When Cats opened on Broadway Forty years ago on October 8, 1982 at the Winter Garden Theatre it was already a sensation in London’s West End. It opened during an era when the creative energy seemed drained from American musical theater, and a string of grand spectacle British productions, many with operatic overtones, was establishing domination on the Great White Way. It opened with high expectations, but no one expected that it would run for 7,493 performances—then a record and still the fourth longest run in Broadway history. It lasted so long that the show originally lauded as ground-breaking and fresh, became the butt of David Letterman jokes and required sophisticated New York theater goers to sneeringly dismiss it as sentimental slop for the rubes in town from Iowa.
The show had an unusual origin, not a novel or a conventional stage play or an original book, but in a whimsical throw-away from the proclaimed greatest English Language poet of the 20th Century—T.S. Eliot. Old Possum’s Book of Practical Cats was collected from cat psychology poems enclosed in letters to Eliot’s God Children signed as Old Possum. Eliot published a limited edition with his own illustrations in 1939. It stirred enough interest that a second edition for the general public was published the next year with illustrations by Nicolas Bentley. Despite its success the usually serious minded Eliot did not regard the little book as one of his important creations.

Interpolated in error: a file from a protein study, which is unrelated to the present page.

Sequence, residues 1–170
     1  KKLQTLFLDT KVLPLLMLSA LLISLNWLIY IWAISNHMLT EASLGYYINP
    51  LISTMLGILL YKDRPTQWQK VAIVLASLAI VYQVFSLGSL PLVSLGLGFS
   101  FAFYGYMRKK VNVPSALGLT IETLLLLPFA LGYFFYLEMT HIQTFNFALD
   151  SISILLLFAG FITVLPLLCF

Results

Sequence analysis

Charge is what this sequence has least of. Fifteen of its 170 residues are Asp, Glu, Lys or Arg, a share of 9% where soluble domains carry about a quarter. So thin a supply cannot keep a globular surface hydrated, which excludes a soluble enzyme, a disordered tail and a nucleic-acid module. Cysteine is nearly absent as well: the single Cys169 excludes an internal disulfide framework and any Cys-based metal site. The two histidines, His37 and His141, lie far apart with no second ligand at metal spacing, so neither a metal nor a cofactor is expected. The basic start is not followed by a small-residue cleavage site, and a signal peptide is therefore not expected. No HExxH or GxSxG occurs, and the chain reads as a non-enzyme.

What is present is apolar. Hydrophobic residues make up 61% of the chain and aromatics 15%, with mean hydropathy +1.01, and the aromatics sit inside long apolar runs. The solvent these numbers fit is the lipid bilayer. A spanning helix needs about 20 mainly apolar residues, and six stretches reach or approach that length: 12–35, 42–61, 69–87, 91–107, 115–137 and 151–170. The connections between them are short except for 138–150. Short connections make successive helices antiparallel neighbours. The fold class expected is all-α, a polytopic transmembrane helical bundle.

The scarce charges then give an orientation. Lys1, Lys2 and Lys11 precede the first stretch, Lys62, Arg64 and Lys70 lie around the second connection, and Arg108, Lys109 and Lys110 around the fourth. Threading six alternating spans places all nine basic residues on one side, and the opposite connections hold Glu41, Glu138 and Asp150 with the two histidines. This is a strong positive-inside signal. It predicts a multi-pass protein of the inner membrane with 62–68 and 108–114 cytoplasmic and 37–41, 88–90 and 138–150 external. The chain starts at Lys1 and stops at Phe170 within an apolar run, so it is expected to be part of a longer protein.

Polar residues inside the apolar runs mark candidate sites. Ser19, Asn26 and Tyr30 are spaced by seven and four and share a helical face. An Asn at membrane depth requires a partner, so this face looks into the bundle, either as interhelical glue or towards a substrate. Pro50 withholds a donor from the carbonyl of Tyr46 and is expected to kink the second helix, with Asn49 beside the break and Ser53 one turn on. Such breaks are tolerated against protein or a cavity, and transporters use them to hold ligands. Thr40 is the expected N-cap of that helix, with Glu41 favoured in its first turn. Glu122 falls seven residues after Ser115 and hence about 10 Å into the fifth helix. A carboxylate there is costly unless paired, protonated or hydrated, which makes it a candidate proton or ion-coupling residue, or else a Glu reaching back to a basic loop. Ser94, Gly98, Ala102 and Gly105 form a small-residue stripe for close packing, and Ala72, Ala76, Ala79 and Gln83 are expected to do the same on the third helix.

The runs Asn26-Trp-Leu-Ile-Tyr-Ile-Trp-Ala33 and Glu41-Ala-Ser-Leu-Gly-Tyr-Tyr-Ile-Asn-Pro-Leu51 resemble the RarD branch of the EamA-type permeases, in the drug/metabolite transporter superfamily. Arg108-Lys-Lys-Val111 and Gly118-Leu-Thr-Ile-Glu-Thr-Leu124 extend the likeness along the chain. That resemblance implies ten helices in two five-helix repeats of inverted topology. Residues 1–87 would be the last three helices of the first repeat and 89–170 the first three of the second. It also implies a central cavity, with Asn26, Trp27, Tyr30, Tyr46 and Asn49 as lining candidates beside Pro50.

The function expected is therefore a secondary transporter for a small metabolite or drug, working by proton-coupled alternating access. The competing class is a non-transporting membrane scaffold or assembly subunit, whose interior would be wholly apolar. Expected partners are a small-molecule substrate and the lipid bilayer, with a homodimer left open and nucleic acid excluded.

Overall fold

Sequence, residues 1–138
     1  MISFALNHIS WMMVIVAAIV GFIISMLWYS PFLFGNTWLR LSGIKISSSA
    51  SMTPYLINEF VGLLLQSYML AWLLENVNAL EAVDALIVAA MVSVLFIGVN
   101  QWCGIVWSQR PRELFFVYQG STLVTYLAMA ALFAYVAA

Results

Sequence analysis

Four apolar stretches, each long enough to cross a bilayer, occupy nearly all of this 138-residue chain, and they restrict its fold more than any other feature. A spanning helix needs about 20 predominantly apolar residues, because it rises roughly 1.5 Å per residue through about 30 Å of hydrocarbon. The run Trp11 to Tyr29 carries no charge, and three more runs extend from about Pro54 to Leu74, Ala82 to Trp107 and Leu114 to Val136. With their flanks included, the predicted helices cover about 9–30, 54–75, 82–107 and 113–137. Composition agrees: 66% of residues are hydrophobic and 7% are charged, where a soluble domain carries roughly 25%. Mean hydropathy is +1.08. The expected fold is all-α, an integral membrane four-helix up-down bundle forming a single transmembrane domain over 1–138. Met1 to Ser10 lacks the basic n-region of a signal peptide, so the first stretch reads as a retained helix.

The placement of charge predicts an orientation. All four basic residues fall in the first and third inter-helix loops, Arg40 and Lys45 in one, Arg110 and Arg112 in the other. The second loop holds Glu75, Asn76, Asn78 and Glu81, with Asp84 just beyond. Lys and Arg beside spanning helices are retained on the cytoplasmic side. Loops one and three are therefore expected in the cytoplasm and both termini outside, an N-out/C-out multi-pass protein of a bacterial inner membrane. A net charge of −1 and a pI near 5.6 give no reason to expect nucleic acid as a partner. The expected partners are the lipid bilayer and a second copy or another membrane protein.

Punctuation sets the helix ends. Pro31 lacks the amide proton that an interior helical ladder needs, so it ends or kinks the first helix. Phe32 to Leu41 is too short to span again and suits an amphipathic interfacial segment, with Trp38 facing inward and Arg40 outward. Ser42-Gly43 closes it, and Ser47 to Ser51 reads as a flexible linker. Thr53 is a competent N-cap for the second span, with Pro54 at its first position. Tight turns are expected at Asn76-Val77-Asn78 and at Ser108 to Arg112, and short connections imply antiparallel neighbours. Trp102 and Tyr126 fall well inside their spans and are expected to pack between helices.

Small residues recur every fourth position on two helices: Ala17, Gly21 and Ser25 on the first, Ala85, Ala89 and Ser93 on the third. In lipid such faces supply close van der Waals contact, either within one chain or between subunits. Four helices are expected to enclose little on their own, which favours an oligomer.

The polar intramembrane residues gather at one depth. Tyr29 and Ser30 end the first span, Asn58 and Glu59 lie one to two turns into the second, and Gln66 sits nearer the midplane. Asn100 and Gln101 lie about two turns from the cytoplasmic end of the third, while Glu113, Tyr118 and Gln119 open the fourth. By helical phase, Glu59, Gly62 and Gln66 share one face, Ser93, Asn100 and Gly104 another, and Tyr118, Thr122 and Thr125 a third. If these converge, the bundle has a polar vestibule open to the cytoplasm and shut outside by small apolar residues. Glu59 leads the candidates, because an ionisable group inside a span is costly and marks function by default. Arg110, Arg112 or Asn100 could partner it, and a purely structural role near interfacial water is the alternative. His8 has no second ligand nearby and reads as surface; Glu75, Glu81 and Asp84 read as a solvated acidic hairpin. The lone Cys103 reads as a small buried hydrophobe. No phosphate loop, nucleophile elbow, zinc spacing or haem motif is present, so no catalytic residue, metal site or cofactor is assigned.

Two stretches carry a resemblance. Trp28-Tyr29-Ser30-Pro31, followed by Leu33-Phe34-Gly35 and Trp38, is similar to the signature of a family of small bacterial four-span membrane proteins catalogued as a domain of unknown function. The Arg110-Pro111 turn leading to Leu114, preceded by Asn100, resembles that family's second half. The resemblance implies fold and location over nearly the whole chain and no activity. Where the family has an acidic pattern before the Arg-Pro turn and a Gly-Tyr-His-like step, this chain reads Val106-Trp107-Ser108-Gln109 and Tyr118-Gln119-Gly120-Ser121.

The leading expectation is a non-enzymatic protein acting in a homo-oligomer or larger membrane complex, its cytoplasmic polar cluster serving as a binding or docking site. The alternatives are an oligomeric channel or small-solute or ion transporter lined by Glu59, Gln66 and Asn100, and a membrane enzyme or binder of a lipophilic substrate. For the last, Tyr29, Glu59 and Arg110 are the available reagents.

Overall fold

Old Possum's Book of Practical Cats illustrated by T. S. Eliot himself.